Rent to own is often discussed as a solution for low-income earners who want to get into a home. However, rent to own is also ideal for members of the middle class. Middle class families and individuals face a lot of pressures: they make enough to pay a significant amount of taxes, but they’re often also under financial strain from other sources: the cost of healthcare, college education needs, and increasingly high rent. it’s specifically difficult to save 3.5 percent or more as a down payment for an FHA or other type of home loan with the prices of rent and gas always in flux.
What is Middle Class in America?
Members of the middle class made an income between $43,350 and $130,000. This varies greatly because factors like size of family and cost of living per location dramatically affect how far a dollar will go for each person. In most locations, $100,000 would put an individual income earner in the upper-income level, but that isn’t true for all locations (just look at the cost of living in California, Northern Virginia, Boston, or New York City).
If that six-figure salary is supporting a family, however, it’s likely to land you in the middle-class zone. Life can also “feel” more or less middle class by less technical markers. If you have a savings account and a retirement account but aren’t flush, your life might feel really middle class. And people in this situation often struggle with the affordability of living situations.
3 Reasons Why Rent to Own is More Accessible Than an FHA Loan for Many Middle Class Families
FHA Loan down payment requirements are comparatively reasonable when you’re also looking at other options. Even so, especially if you have multiple household members and need an office as a remote employee, you’re looking at expensive housing when it comes time for you to own. If you do the math, it’s likely you’ll find that over the long term, owning a home is more valuable because you have equity in it — it’s an asset that you can pass down to your children or re-mortgage in the event of an emergency, such as a new roof or medical concern.
1. FHA Loan Requirements
FHA Loan requirements price some middle class home buyers out of the market. A Federal Housing Authority (FHA) loan can go as low as 3.5 percent, but with the inflated cost of housing in a hot market, that’s still not affordable or achievable for many people. Take someone supporting or co-supporting a family, or an individual who wants to buy a home on their own. These living situations make it tough for a middle class person to have the extra money, especially while renting at high prices.
In a rent to own arrangement, there is not typically a down payment. Instead, the money you pay towards rent (which will be higher compared to standard leasing agreements) covers that pesky down payment amount and some of the interest.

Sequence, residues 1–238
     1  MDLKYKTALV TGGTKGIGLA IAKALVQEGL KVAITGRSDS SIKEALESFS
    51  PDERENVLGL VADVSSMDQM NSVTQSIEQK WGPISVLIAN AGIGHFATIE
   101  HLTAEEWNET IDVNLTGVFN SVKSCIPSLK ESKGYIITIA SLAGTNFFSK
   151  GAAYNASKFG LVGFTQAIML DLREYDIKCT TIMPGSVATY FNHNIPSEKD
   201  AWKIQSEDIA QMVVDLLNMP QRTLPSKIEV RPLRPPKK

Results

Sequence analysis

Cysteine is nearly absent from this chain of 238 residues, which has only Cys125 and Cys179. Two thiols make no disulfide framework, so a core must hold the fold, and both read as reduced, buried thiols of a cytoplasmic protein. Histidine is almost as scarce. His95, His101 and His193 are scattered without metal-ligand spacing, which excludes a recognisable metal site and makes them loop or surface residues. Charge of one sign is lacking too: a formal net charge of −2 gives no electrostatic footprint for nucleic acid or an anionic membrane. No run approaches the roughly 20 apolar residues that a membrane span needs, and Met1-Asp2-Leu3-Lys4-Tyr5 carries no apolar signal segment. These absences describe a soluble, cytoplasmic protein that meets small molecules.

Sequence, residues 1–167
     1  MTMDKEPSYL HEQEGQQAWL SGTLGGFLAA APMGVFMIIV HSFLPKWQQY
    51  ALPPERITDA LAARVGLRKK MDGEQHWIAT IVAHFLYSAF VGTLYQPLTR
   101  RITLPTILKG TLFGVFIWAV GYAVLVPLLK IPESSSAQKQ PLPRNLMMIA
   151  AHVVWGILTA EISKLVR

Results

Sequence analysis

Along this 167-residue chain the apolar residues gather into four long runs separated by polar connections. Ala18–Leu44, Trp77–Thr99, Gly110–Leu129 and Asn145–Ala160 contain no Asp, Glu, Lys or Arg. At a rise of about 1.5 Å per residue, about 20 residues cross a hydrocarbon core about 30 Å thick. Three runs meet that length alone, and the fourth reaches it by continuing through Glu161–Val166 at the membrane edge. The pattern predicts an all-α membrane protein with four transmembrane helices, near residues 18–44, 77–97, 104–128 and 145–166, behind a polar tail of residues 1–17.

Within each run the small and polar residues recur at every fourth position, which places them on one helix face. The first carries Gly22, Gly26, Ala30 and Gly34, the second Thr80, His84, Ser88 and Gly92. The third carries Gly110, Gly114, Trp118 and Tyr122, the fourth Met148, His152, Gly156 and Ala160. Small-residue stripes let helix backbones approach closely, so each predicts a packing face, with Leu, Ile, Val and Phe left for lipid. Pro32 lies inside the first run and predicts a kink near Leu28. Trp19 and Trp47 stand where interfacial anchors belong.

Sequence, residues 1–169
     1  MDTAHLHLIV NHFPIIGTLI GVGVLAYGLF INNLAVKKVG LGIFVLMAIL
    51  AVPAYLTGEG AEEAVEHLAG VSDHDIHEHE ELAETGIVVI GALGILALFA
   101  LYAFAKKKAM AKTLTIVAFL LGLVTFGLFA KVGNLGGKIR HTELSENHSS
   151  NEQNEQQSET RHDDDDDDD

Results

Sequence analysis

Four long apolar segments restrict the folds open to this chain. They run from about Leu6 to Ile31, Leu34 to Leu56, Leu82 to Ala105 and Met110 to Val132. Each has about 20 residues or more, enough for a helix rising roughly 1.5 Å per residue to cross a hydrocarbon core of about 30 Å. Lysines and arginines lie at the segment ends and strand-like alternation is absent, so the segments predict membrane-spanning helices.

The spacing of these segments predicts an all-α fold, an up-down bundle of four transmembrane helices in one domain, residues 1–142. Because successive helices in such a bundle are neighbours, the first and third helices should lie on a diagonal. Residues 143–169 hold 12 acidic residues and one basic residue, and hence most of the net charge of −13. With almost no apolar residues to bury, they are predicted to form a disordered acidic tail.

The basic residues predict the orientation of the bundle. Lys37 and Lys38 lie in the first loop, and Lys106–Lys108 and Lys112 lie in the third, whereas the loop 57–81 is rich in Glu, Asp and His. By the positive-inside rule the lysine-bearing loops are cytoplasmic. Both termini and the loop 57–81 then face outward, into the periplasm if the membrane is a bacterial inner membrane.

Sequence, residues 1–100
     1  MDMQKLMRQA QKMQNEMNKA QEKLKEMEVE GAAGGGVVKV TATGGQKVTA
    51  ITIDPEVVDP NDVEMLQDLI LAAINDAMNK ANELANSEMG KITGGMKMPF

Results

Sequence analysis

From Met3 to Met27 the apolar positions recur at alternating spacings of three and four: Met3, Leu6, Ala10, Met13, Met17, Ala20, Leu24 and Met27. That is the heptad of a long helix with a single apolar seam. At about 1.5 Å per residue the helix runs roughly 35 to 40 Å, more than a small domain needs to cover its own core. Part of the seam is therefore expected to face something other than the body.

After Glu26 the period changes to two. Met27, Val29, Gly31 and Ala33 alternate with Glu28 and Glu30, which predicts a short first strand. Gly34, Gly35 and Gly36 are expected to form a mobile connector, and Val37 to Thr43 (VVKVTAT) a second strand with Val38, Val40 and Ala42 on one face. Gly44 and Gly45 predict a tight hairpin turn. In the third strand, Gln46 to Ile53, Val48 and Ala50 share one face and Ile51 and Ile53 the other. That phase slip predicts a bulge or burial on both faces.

2. Bad Credit and Credit Card Debt
Being formerly poor is slightly better than being poor. You have money to cover your expenses, but your past financial troubles haunt you every day in the form of collection services and credit card debt with high interest. It’s hard to save, cover moving expenses, and consider more affordable permanent housing options when you’re committed to fixing your finances and establishing more responsible finances and financial practices. You know the right move is to own a home, but you’re hindered in achieving it due to the bad credit and credit card debt.
This makes an FHA loan hard, because you need a score of at least 580 (no matter your current income) to qualify for that 3.5 percent loan. If your credit score is 500 to 579, you can still qualify, but you have to put 10 percent down. Imagine having a spare $50,000 lying around to get that half-million dollar house for your family of four. It’s challenging.
With a rent to own option, you’ll have time to rebuild and repair your credit while paying slightly higher rent in most situations — but the “extra” goes towards the down payment on the house you’ll eventually own via your agreement. It’s way better than regular renting if you’re committed to owning the property eventually.
3. School Locations and Remote Workforce
If you’re committed to keeping your child in the same school district and your school-aged home residents are young, rent-to-own makes sense because you’re staying in the same location. Instead of having to deal with moving from time to time due to the nature of rentals (especially with houses, where landlords will sell when the market is hot), you won’t risk being booted from your home in your child’s school district. Without the burden of the FHA Loan down payment, you can also afford to provide your school-aged kids with everything they need.
If you’re a remote worker, you may be able to choose your location with some or no restrictions, which makes rent to own an ideal option versus renting. You can have the stability of staying in one location, and changing jobs remotely isn’t a big deal when you don’t have to move for the job. Rent to own provides you with the opportunity to engage in credit repair while you rent — and in the end, you have equity.
Consider Rent to Own
Being middle class in America is rough. You carry a fair amount of the tax burden placed on Americans, which is frustrating when you’re trying to get out of a renting cycle that requires frequent moving and moving costs, and paying into something you’ll never own. Especially if you’re new to the income bracket, you’ll have to overcome past challenges that can prevent you from getting a down payment together.
Rent to own agreements can put you on the path to home ownership, and in some instances, your insurance cost could be bundled into the payment. You might find yourself wondering where to go from a low income housing situation or what move you can make considering the difficulty of a down payment — and if so, rent to own could be the answer for you.